Update Your Chrome

"Google fixes Chrome zero-day exploit, security update rolling out to Mac, Windows, Android, & Chrome OS"

500-Mile Email

"The Case of the 500-Mile Email".  Here's the opening:
I was working in a job running the campus email system some years ago when I got a call from the chairman of the statistics department.

“We’re having a problem sending email out of the department.”
“What’s the problem?” I asked.

“We can’t send mail more than 500 miles,” the chairman explained.

I choked on my latte. “Come again?”

“We can’t send mail farther than 500 miles from here,” he repeated. “A little bit more, actually. Call it 520 miles. But no farther.”

“Um… Email really doesn’t work that way, generally,” I said, trying to keep panic out of my voice. One doesn’t display panic when speaking to a department chairman, even of a relatively impoverished department like statistics. “What makes you think you can’t send mail more than 500 miles?”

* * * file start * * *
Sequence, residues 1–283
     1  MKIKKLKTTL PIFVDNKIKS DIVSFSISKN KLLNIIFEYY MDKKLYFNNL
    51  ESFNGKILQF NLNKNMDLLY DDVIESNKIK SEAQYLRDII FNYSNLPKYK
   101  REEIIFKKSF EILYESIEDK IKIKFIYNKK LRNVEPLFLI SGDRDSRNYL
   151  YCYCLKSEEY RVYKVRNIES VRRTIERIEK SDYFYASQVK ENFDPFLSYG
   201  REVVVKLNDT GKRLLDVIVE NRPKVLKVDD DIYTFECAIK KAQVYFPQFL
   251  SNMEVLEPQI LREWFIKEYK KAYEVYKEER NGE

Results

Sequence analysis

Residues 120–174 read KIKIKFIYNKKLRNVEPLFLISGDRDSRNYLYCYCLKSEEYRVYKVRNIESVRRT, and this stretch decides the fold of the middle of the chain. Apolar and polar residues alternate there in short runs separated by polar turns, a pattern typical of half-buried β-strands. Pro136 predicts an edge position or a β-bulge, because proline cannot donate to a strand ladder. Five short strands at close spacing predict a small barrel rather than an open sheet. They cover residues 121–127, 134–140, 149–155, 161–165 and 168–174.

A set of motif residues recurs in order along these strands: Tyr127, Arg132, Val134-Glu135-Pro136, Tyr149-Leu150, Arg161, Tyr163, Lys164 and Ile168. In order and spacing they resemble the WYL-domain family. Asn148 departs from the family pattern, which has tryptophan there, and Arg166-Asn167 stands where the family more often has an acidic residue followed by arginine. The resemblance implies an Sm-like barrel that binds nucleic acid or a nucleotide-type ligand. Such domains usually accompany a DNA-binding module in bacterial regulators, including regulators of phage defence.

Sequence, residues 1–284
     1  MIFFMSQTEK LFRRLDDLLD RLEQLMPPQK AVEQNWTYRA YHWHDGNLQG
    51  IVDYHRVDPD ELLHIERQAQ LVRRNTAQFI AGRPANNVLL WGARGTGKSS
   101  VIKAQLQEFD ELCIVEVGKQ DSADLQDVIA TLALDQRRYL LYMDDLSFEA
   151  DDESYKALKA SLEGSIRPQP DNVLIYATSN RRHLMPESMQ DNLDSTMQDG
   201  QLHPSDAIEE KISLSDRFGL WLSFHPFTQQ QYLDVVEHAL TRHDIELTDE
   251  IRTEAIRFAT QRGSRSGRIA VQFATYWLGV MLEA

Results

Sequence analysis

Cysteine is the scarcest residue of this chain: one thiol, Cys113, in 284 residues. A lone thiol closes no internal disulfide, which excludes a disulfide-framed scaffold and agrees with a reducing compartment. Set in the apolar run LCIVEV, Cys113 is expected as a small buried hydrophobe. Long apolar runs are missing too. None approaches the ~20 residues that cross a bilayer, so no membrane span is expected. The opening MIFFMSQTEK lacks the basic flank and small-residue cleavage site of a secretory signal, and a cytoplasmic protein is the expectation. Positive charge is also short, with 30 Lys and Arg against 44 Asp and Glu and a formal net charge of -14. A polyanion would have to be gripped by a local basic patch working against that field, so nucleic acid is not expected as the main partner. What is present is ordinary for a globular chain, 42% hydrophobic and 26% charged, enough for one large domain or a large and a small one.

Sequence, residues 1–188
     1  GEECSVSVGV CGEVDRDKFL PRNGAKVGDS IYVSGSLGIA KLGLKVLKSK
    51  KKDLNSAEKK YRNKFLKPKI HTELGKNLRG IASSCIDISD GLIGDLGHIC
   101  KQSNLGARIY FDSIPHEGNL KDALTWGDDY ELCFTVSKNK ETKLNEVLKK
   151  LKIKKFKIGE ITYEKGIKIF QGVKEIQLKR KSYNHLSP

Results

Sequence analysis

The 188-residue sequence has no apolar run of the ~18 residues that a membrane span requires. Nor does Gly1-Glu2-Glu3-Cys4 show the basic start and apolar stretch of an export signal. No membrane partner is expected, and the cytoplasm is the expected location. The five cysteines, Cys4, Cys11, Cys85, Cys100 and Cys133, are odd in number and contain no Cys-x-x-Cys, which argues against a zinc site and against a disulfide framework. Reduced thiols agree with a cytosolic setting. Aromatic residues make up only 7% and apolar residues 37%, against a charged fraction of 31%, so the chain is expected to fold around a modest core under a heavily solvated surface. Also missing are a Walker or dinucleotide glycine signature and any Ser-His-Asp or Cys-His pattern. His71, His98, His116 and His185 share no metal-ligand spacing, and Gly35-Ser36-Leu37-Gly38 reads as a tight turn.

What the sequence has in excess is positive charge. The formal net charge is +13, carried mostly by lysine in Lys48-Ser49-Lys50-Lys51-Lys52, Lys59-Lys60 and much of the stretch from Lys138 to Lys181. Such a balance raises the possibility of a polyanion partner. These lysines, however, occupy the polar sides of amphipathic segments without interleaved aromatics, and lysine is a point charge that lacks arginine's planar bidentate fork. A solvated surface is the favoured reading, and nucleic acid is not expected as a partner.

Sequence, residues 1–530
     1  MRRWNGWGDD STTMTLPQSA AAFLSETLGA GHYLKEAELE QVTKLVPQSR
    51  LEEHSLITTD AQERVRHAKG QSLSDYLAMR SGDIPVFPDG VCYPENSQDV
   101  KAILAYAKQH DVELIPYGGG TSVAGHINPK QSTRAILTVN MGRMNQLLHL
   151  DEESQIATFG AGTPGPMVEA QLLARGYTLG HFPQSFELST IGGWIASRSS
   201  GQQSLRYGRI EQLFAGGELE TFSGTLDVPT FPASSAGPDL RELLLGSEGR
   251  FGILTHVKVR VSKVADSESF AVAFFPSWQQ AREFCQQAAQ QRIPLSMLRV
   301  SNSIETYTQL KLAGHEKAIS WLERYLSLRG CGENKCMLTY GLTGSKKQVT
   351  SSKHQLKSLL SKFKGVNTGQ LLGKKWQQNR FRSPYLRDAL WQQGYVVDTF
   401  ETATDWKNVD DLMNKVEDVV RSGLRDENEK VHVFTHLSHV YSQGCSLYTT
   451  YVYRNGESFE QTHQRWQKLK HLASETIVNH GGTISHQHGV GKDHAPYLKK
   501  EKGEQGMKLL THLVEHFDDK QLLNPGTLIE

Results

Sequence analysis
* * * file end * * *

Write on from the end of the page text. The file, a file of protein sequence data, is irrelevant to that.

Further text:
Read the whole thing.

Monday, March 11, 2019

Friday, March 08, 2019

Bitcoin Hypnotist

"This hypnotist charges half a bitcoin for helping you remember your lost cryptocurrency password". (Via Tyler Cowen.)

Caesar Death Site

"Site Where Julius Caesar Was Stabbed Will Finally Open to the Public"

Art Thief Secrets

"The Secrets of the World's Greatest Art Thief"

Thursday, March 07, 2019

Prisencolinensinainciusol

"The Deep Roots of an Italian Song That Sounds Like English -- But Is Just Nonsense
There’s a long tradition of songs that “sound” like another language without actually meaning anything. In Italy, for example, beginning in the 1950s, American songs, films, and jingles inspired a diverse range of “American sounding” cultural products.